INVASION OF THE GIANT RATS
Giant rodents are about to take over New Jersey!
And even if the Garden State might not look any different, it has some officials worried about the ugly, 20-pound nutria which have made their way here from points south of the Mason-Dixon line.
The furry rodent is widely considered one of the most damaging creatures to marshland ecosystems – which, of course, would make New Jersey the critter’s spiritual home.
“I spotted it in Lower Alloway Township, Oct. 29,” state Division of Fish and Wildlife biologist Andrew Burnett told The Star-Ledger of Newark.
“The animal was swimming across Alloway Creek approximately 150 feet from my position.”
For decades, the nutria have slowly made their way up the Eastern Sseaboard. It was first recorded in large numbers in Delaware and Maryland in the 1980s
And now, the first has been spotted in Jersey.
“It’s a very large rodent,” said Leonard Douglen, executive director of the New Jersey Pest Management Association.
“As long as we don’t allow the population to grow, we can eradicate them no matter how big they are.”
The rodents – which measure as long as 24 inches from nose to tail – can kill an ecosystem by evicting current tenants like waterfowl, crabs and fish.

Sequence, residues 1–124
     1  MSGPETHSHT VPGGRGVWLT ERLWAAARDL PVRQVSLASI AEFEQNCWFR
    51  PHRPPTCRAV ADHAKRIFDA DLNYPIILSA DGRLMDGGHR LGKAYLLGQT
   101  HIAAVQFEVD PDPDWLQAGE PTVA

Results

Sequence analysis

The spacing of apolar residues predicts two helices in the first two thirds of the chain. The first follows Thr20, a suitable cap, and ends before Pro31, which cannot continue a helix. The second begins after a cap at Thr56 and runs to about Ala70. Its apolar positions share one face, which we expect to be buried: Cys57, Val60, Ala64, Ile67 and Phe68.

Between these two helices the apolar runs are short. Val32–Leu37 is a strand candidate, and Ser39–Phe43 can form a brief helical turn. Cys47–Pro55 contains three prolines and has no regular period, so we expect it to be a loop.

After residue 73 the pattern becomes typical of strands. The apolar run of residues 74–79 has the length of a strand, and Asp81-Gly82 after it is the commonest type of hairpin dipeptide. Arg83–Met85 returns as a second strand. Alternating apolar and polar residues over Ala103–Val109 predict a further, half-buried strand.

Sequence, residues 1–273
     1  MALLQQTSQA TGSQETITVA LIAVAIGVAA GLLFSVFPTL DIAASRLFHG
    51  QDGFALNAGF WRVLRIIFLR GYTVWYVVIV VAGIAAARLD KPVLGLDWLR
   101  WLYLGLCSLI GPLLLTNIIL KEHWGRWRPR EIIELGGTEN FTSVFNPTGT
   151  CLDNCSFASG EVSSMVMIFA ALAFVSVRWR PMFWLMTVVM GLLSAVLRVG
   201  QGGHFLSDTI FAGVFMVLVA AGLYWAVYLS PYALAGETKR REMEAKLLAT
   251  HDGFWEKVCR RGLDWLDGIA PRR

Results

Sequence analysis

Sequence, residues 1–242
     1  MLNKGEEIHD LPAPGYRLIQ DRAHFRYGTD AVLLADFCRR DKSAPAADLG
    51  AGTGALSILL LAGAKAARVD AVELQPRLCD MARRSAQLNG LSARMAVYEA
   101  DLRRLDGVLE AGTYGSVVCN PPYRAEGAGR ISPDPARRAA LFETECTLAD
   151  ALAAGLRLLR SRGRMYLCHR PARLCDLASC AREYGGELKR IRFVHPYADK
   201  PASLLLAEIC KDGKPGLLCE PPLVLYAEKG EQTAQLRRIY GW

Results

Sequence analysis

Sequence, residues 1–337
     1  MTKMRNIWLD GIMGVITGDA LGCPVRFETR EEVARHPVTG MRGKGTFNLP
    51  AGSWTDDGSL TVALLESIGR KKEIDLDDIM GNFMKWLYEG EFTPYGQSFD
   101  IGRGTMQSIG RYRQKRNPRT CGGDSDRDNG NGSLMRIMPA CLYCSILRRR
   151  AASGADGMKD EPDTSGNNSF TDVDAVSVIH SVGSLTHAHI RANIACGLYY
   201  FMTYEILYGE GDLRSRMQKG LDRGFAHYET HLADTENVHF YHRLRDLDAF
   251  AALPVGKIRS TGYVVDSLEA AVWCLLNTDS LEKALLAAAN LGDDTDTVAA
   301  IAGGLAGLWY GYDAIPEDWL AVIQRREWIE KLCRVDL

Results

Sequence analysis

Douglen said that if the nutria invade New Jersey in large numbers, he and other pest-control warriors will have to take them out, one at a time.
“We’d probably trap them, wherever there are sightings. We’d have to set traps in those areas,” he told The Post last night.
“Just because a new species comes around doesn’t mean you reinvent the wheel.”
The nutria, as big as most dogs and resembling a beaver, has an average life span of about four years in the wild.
The South American rodent, with its fine fur, was once bred for their pelts in the late 19th century and in the first half of the 20th century.
As nutria farms popped up in the South and Gulf Coast regions, so did feral populations of the big, ugly rodents.
The most fierce battles against the nutria have been waged on Maryland’s Eastern Shore, where state officials want to protect their precious Chesapeake Bay.
The Blackwater National Wildlife Refuge in Maryland has been ground zero of the war against the nutria, which has devoured about 7,000 acres of salt marsh in the past half-century.
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